On May 13, 2021, Governor Doug Ducey and DES announced Arizona’s Back to Work Program. DES provides a variety of workforce services and child care assistance. For more information, please visit the Arizona's Back to Work program.
Renters and landlords impacted by the COVID-19 pandemic in twelve Arizona counties may now apply for rent and utility assistance through the Emergency Rental Assistance Program. Learn more.
In 2006, the Arizona legislature passed a bill to create the APS Registry which took effect July 1, 2007. The public registry contains the name and date of birth of the person determined to have abused, neglected or exploited a vulnerable adult and the description of the allegation made. The names of the vulnerable adult and the reporter are not listed on the registry.
The purpose of the APS Registry is to prevent vulnerable adults and children from being victimized by individuals who have been found, through an APS investigation and due process, to have abused, neglected or exploited a vulnerable adult.
Employers are encouraged to review the registry when deciding whether to employ a person to provide care for vulnerable populations. The decision to hire a person listed on the APS Registry is solely up to the employer.
Searching the Registry
You can search the APS Registry through the Arizona Department of Health Services AZ Care Check. You can search by first name, last name, date of birth or by case information. The registry is updated twice a week on Tuesdays and Fridays.
What is the process for placing a name on the APS registry?
When an investigation is complete, the investigator reviews all the information gathered and, in discussion with the supervisor, determines whether there is evidence to support that the alleged perpetrator (or one who committed the crime) was responsible for the maltreatment. If so, the recommendation is made to “substantiate” the allegation.
The standard of proof for substantiation is “a preponderance of evidence,” or that the evidence shows it is more likely than not that the maltreatment happened. This is a lower standard of proof than in a criminal proceeding.
If the determination is made to recommend substantiation, the information is sent to the Appeals Unit who refers the information to the Office of the Attorney General. The Office of the Attorney General reviews the evidence and provides guidance on whether to pursue substantiating the allegation of abuse, neglect, or exploitation.
View a visual of the APS investigation to substantiation process chart.
Is the alleged perpetrator notified if their name goes on the registry?
Yes. When the recommendation is to pursue substantiation, APS is required per A.R.S. § 46-458 to notify the alleged perpetrator of the decision to pursue substantiation. The alleged perpetrator can request an administrative hearing, if eligible.
What is an Administrative Hearing?
An Administrative Hearing is a time for both the Arizona Attorney General’s Office and the alleged perpetrator to present their cases before a judge with the Office of Administrative Hearing. The alleged perpetrator is given an opportunity to explain to an administrative law judge why they should not be placed on the registry and can show any supporting documents to support their case.
The administrative law judge hears the case and provides a ruling or using the preponderance of evidence burden of proof, per A.R.S. § 46-458. The ruling may be upheld, amended, or rejected by the Director of the Department of Economic Security.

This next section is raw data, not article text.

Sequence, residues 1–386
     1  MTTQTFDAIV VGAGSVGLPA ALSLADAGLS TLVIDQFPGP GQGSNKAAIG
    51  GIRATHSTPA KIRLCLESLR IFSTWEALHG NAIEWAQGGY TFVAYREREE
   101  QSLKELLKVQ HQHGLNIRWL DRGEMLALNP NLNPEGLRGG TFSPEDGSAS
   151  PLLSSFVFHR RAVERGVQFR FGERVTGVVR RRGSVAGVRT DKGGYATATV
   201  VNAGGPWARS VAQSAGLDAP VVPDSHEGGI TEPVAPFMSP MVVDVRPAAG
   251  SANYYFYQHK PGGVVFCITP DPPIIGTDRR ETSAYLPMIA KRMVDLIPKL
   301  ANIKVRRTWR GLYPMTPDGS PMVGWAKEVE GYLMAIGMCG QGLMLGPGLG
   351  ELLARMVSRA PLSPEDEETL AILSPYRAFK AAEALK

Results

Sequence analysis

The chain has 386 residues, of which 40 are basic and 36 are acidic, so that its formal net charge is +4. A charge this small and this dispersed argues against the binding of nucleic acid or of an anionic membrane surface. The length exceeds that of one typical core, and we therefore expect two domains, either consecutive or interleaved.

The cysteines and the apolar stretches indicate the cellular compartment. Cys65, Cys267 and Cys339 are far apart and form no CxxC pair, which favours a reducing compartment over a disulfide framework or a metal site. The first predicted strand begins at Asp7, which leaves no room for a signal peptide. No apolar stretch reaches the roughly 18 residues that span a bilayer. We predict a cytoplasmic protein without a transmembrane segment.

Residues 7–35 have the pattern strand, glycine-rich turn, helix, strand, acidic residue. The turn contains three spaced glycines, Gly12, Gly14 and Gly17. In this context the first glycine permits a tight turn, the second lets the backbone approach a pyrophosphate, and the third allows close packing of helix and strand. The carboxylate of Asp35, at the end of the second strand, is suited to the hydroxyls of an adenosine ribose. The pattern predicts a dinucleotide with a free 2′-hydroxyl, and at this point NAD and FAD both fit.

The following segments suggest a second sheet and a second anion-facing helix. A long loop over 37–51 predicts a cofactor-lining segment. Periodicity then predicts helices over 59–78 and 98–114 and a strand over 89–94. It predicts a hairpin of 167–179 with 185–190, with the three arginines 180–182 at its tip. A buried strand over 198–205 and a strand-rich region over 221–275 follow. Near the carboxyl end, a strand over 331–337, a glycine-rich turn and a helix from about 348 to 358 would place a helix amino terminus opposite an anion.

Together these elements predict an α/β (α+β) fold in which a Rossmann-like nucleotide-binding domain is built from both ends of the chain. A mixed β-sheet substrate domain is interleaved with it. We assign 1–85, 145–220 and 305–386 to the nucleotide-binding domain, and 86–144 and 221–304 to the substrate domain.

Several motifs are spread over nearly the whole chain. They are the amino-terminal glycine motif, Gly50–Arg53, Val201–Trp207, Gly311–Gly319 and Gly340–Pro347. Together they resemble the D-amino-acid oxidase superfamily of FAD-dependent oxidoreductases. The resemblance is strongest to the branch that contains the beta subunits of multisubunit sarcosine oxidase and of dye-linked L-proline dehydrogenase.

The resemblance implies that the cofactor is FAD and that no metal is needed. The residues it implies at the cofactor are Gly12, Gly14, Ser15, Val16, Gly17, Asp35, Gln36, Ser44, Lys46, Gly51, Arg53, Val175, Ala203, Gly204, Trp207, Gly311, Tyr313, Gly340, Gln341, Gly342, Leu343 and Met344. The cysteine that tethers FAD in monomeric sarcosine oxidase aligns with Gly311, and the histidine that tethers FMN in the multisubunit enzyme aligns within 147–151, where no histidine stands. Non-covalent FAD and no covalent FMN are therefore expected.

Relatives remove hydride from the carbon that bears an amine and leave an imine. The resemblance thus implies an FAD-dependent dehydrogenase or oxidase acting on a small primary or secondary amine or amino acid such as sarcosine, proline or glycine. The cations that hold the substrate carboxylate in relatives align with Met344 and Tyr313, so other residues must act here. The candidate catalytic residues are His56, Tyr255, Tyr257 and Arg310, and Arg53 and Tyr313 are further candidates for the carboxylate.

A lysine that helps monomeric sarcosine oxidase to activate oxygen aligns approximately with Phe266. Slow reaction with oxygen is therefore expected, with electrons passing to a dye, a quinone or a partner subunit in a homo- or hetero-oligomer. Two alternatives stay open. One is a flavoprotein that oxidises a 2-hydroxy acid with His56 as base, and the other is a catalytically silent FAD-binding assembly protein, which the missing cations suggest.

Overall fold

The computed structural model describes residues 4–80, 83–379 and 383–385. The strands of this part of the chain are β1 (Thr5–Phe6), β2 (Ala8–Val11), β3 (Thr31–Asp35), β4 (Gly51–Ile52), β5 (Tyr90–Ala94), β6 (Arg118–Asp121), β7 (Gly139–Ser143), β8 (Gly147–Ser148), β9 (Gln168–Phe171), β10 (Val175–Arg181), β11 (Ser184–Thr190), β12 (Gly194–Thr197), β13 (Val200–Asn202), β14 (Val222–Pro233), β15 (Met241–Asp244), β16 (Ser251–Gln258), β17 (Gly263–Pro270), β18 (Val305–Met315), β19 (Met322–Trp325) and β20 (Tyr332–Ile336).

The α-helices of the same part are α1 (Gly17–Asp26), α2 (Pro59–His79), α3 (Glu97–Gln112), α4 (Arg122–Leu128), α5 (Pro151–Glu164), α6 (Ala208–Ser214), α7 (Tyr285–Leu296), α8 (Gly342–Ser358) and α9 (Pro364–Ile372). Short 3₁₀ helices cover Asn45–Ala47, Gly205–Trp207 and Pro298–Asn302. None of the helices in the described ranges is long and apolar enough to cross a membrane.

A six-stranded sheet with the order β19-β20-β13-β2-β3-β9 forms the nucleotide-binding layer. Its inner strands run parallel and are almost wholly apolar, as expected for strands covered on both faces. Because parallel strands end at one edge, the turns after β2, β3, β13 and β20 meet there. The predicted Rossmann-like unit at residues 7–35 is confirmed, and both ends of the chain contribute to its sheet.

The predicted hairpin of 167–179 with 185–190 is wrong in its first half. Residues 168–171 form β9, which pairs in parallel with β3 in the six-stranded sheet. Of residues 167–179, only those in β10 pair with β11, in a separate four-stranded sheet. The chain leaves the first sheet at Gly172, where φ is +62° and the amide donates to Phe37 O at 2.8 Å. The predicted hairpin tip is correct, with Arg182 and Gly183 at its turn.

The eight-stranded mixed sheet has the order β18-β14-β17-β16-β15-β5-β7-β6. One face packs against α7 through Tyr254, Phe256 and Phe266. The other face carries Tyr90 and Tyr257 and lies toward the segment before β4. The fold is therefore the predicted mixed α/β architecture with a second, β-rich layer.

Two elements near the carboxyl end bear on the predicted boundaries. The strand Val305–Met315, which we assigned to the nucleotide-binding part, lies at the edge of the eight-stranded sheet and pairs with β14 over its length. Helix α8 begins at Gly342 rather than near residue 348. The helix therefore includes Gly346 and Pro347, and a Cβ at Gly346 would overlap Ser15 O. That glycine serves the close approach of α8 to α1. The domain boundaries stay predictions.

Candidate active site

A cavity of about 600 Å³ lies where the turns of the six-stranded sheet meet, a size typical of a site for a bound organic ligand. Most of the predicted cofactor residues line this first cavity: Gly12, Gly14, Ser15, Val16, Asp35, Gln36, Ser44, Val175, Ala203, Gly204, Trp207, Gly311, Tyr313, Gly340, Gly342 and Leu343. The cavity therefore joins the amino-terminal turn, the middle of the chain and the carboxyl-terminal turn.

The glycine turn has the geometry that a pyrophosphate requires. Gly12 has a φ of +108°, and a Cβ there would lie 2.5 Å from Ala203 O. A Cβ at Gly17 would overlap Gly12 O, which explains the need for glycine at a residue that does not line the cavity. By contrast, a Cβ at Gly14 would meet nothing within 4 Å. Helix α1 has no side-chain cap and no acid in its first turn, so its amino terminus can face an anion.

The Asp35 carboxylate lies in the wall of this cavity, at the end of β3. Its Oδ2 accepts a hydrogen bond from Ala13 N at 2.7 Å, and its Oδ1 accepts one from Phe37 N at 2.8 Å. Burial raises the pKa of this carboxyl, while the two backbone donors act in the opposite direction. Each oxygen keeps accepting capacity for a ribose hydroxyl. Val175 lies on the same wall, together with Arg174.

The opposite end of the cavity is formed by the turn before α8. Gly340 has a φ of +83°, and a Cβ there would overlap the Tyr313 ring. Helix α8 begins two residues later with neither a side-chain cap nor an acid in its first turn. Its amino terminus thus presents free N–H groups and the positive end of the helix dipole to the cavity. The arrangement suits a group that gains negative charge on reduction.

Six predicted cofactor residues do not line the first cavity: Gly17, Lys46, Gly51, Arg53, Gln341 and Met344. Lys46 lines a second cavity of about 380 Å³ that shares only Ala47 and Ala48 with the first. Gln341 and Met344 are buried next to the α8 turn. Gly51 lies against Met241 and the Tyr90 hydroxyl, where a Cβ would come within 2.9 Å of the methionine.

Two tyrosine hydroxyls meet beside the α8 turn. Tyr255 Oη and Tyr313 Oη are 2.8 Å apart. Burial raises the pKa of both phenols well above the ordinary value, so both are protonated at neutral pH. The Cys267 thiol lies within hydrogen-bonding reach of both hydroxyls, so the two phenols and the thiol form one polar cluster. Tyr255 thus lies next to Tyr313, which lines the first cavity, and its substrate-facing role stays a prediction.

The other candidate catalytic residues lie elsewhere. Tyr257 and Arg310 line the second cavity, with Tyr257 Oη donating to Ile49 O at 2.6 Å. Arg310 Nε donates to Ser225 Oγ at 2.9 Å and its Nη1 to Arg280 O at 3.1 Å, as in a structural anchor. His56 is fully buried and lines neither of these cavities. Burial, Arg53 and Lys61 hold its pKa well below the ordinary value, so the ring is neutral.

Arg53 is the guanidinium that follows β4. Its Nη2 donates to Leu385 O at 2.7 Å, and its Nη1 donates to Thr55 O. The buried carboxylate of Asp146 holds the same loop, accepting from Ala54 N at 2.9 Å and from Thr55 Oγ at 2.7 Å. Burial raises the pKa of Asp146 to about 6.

When the proposed substantiation is upheld through the hearing process, the perpetrator’s name is placed on the registry.
Administrative Hearing Eligibility
If the alleged perpetrator declines their right to an administrative hearing--does not respond to the hearing or attend the hearing-- their name is placed on the registry.
When another court or administrative law judge has already made findings regarding the alleged maltreatment, a perpetrator does not qualify for an administrative hearing and the perpetrator is placed on the registry.
How long will an alleged perpetrator’s name be listed on the APS Registry?
In 2015, HB2021 extended the length of time a person’s name remains on the APS Registry from 10 years to 25 years if the perpetrator’s name was placed on the registry on or after July 3, 2015. If the perpetrator’s name was placed on the registry prior to July 3, 2015, their name will remain on the registry for 10 years.
Can a name be removed from the APS Registry?
Once an administrative hearing has taken place, the individual may file a motion with the DES for a review within thirty days of receiving the final decision. The reason for requesting a rehearing or review will be considered by DES in collaboration with the Office of the Attorney General and a decision will be provided to the appellant within fifteen days.
If an appellant requests a hearing but fails to appear or is unable to attend and has not contacted the Office of Administrative Hearings, the appellant will be placed on the registry.
Once a name is placed on the registry and all administrative appeal avenues have been exhausted, it is recommended that an appellant explore legal advice to consider civil court options that may be available to them.
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Pursuant to Title VI of the Civil Rights Act of 1964, the Americans with Disabilities Act (ADA) and other nondiscrimination laws and authorities, ADES does not discriminate on the basis of race, color, national origin, sex, age, or disability. Persons that require a reasonable modification based on language or disability should submit a request as early as possible to ensure the State has an opportunity to address the modification. The process for requesting a reasonable modification can be found at Equal Opportunity and Reasonable Modification.